the scientific study of pet nutrition by veterinary nutrition specialists and experts.

Can Diet Prevent or Treat Urinary Tract Infections in Dogs?

Can Diet Prevent or Treat Urinary Tract Infections in Dogs?
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Dealing with urinary tract infections (UTIs) in our dogs can be a real headache. But fear not, we’re here to shed some light on this issue and discuss whether diet plays a role in preventing or treating UTIs.

First, let’s understand what UTIs are:

These pesky infections happen when bacteria find their way into the urinary tract and start multiplying. This is more common in female dogs and you may notice more frequent trips to the bathroom or a change in color and smell in your dog’s urine. UTIs can lead to discomfort and even health complications.  Dogs with recurrent UTIs might experience multiple episodes and often need ongoing care and attention. The causes can vary, from anatomical issues to increased risk from other diseases like diabetes or even a previous infection that we thought had cleared but actually needed longer treatment or a different type of antibiotic.

Does diet have a role in UTI prevention or treatment?

Unfortunately, there’s no evidence that diet can reduce the risk of UTIs. There are some specially formulated veterinary therapeutic diets for urinary conditions, but those are designed to dissolve or reduce risk of specific urinary stones. Though some urinary stones can be caused by UTIs or can increase the risk of development of UTIs, even these specially formulated diets cannot help unless the UTI is medically treated (more information in one of our previous blogs here). For dogs with UTIs that don’t have any stones, a regular maintenance diet should suffice. For dogs with a history of stones, your veterinarian may recommend a special therapeutic diet to help dissolve the stone(s) or reduce the risk of recurrence after surgical removal.

What about dietary supplements?

When it comes to supplements, we’re extra cautious about making recommendations. After all, they do not have to provide proof of benefits or undergo safety testing (you can find more about this in our supplement post) before being sold to pet owners. The dietary supplement industry for people and pets is the regulatory equivalent of the wild, wild west.

That said, one area of research that may be promising is cranberry extract for UTIs in dogs. Cranberry extract contains compounds called proanthocyanidins, and some evidence suggests that they can help reduce the risk of UTIs in dogs by interacting with the bacteria E. coli, a common culprit behind UTIs. These compounds are thought to effectively block the “arms” of the E. coli bacteria, preventing them from sticking to the bladder wall. As a result, infections become less likely or less frequent, but there’s a catch…while cranberry extract might work wonders for some dogs, it’s not a guaranteed fix for everyone. (Of note, this has not been tested in cats and would not help a dog with a UTI caused by a bacteria other than E. coli).  Every pet is unique, and what works for one might not work for another. That’s why it’s essential to talk with your veterinarian to know whether this may be helpful for your dog, and if so, which brands have undergone important testing and quality control.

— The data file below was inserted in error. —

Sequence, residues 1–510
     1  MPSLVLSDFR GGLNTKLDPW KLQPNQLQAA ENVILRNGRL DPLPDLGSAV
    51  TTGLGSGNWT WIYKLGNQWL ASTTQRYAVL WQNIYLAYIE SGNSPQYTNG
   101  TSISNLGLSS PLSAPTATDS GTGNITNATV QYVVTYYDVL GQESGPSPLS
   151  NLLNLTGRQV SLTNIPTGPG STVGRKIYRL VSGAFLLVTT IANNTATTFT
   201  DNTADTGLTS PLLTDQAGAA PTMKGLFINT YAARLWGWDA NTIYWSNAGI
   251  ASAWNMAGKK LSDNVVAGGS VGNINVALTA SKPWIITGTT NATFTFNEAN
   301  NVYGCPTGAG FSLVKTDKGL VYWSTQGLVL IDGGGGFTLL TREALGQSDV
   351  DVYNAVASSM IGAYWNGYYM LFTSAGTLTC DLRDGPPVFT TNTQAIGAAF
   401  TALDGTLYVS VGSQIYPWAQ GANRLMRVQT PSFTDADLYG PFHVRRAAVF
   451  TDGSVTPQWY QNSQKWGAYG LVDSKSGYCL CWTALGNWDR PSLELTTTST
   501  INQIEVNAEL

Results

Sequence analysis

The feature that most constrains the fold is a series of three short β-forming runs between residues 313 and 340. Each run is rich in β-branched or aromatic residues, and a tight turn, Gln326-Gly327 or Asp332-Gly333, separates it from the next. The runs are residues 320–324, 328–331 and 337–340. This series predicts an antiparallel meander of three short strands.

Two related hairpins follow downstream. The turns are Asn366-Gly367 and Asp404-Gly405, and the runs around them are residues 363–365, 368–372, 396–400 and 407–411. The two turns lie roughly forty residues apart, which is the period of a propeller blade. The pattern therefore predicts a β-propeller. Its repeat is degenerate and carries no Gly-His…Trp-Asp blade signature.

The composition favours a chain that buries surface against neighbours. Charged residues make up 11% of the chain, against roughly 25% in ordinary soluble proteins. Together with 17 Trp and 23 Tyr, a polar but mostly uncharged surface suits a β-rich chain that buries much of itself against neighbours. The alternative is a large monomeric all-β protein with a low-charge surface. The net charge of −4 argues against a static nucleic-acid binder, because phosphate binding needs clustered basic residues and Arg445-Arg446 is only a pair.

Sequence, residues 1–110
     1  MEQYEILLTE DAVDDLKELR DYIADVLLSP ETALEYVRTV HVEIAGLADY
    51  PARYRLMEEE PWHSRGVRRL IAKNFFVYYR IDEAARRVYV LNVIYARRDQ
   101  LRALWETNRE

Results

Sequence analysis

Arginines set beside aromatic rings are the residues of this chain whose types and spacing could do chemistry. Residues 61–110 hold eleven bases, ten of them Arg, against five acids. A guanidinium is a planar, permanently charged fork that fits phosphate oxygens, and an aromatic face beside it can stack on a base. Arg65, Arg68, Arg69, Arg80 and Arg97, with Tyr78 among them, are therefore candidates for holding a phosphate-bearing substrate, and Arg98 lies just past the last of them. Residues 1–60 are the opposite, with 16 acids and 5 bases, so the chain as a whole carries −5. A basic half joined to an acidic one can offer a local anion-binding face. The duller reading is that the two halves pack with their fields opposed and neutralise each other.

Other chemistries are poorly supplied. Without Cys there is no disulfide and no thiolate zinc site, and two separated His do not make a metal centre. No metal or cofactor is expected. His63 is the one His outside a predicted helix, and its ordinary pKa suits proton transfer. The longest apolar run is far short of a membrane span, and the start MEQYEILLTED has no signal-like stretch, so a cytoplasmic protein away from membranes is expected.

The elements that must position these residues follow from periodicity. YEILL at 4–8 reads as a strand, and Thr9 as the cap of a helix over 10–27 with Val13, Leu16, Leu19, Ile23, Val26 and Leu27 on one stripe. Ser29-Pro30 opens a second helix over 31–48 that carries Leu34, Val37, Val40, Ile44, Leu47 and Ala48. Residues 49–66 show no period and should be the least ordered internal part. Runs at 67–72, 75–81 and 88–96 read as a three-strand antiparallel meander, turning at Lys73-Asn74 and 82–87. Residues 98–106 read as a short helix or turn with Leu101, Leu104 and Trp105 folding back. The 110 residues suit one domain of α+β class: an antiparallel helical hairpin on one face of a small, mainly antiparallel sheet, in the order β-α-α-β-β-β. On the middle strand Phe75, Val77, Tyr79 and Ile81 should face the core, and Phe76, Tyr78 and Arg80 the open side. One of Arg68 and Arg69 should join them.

Any other diet tips for reducing risk?

Hydration is the key to maintaining a healthy urinary system, so a first step is making sure your dog always has access to fresh clean water. For dogs that don’t seem to drink enough water on their own, you can encourage them to drink more by adding water to their dry food or considering canned foods.

Overall, the key to your dog’s urinary health lies in prompt diagnosis, proper treatment, and addressing any contributing factors. Don’t hesitate to chat with your veterinarian about creating a personalized monitoring and prevention plan to keep your dog’s bladder happy and infection-free!

Written in conjunction with veterinary student, Thomas Wolf.


Dr. Deborah Linder, a board-certified veterinary nutritionist, is the head of the Tufts Obesity Clinic for Animals and has had articles appear in Eating Well, the Boston Globe, AARP, SHAPE, and XM Sirius Radio Doctor Channel. She has spoken at national and international conferences and a Capitol Hill briefing, and is an expert in pet obesity, nutrition communication, and in the human-animal bond. 

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